Things to Know Before You Graduate – For Computer Science Majors

As a computer science major, there are many things you should know before you graduate. To land a job, it is important that you have a broad base of knowledge when it comes to computer science. Below, I have compiled a list of some key things to know before you graduate.

By the way, these are mainly from questions that were asked during my interview with Avanade last week.

  • SQL Transaction
    • The combination of several SQL statements into one atomic group. It allows for an all or nothing approach.
  • SQL User Defined Functions
    • Functions that are run on the SQL server that are created by the user of the DBMS.
  • SQL View
    • A view appears like any database table, and can be operated on just like any table, but is actually a portion of a database table.
    • CREATE VIEW myview AS
    • SELECT name, age
    • FROM students
    • WHERE age = 5
  • Definition of Inner Join
    • A join of two tables that returns records for which there is a matching value in the field on which the tables are joined.
  • Definition of Outer Join
    • A table join in which rows from one table are included in the result set, even if they don’t contain values that match those in the other table.
  • Normalization
    • Decreases the amount of data
    • Decreases the load on the server and can increase performance
    • Going beyond 1NF can introduce logic errors when inserting/updating/deleting records
  • Acid Properties
    • In databases, ACID stands for Atomicity, Consistency, Isolation, and Durability. They are considered to be the key transaction processing features of a database management system, or DBMS. Without them, the integrity of the database cannot be guaranteed.
  • Linked Lists vs. Arrays
    • Duh! Just think inserts, deletes, and sorting and the complexity involved in these transactions
  • Interface
    • An interface is a description of a set of methods that conforming implementing classes must have.
    • Only non static methods and static final variables can be defined in the interface.
  • Abstract Classes
    • A class in which some of the functions are not implemented.
  • Characteristics of Object Orientated Programming
    • Inheritance
    • Encapsulation
    • Abstraction
    • Polymorphism
  • Access Modifiers
    • Public – Visible to all classes
    • Protected – Visible to the class they belong to and to any sub-classes
    • Private – Visible to the class they belong to
  • Software Development Methodologies
    • In the traditional waterfall methodology, first comes the analysis phase, then the design phase, followed by the implementation phase, with testing completing the process. The team that does each phase is different and there may be a management decision point at each phase transition. This methodology is called the waterfall methodology because each phase flows naturally into the next phase like water over a series of falls.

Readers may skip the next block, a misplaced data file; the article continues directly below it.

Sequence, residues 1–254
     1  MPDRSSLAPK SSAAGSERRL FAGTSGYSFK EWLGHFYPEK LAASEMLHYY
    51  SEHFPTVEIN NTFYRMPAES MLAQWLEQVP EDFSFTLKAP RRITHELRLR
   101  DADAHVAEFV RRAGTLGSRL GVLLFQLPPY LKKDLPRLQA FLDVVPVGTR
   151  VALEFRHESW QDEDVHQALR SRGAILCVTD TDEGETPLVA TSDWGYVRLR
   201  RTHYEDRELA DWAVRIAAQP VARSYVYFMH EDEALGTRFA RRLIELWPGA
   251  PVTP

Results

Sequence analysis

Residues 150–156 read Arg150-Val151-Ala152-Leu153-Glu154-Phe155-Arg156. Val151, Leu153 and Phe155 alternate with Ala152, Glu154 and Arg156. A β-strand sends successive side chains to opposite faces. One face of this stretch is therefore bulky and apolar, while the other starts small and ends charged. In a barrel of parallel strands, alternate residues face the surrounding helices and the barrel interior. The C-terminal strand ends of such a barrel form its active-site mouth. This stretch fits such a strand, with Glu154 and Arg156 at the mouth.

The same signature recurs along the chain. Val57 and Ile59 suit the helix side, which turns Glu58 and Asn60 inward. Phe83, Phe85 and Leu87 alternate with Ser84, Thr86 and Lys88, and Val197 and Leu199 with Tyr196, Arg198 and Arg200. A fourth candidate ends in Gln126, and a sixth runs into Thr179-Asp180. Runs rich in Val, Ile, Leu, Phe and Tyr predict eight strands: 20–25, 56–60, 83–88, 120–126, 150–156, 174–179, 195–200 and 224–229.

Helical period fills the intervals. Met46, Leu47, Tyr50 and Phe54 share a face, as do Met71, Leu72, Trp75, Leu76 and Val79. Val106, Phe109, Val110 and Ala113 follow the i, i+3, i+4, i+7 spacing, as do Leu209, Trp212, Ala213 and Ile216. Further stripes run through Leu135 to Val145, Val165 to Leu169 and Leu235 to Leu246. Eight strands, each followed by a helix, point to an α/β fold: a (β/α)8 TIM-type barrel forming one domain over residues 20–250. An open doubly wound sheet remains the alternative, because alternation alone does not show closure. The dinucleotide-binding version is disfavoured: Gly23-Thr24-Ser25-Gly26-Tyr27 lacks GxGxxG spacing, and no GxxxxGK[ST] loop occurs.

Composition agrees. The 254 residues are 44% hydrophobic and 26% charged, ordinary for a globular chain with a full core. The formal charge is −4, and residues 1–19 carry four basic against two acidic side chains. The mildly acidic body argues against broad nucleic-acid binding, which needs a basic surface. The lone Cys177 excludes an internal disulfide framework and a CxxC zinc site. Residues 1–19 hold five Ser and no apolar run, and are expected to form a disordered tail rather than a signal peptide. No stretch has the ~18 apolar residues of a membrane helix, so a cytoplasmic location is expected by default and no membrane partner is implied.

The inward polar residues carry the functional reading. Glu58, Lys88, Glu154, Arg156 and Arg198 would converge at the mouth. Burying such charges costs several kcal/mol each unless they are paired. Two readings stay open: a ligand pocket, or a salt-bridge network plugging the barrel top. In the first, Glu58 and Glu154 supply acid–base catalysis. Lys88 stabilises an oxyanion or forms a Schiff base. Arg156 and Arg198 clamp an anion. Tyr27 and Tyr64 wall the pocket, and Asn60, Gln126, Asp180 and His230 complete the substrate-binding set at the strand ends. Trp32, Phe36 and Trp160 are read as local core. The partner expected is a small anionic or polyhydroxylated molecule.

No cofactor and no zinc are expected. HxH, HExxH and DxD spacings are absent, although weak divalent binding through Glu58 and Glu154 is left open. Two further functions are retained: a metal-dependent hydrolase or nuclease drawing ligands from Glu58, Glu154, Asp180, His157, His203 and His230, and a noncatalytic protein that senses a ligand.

• The spiral methodology fixes some of the problems introduced by the waterfall methodology. The spiral methodology still has the four phases. A little time is initially spent in each phase followed by several iterations over all four phases.
  • Sorting Algorithms
    • Bubble Sort
      • The array of values to be sorted is divided into two partitions: the partition of sorted values and that of unsorted values.
      • In each step of bubble sort, the smallest element found so far in the unsorted partition moves up, and it is appended to the end of the sorted partition.
      • The sorting proceeds until the elements in the unsorted partition are exhausted.
    • Selection Sort
      • The selection sort works by selecting the smallest unsorted item remaining in the list, and then swapping it with the item in the next position to be filled. The selection sort has a complexity of O(n2).
      • You have a Floor variable (which identifies the index of your first unsorted position in your array, and you have a minimum index variable that will point to whichever position is lowest so far. Once the remaining portion of the array is looked at, the floor variable and the minimum index variable are swapped.

2 thoughts on “Things to Know Before You Graduate – For Computer Science Majors

  1. Just because you were asked these questions, does not give them any significance.

    As a general rule, interview questions are mostly stupid… if you had to set some questions to hire someone, what would you do? The bad interviewers ask questions such as those above. The better ones, want to know who you are, what motivates you, what you do, and why you do it.

    I don’t know most of what is in the UNIX man pages any more, simply because it *is* in the man pages. If I get asked a question of “how would you list all files in the directory, by size?”, I’ll answer “ls -lSr”, but I’d also turn down the job, because they don’t know how to interview people.

    That detail doesn’t matter.

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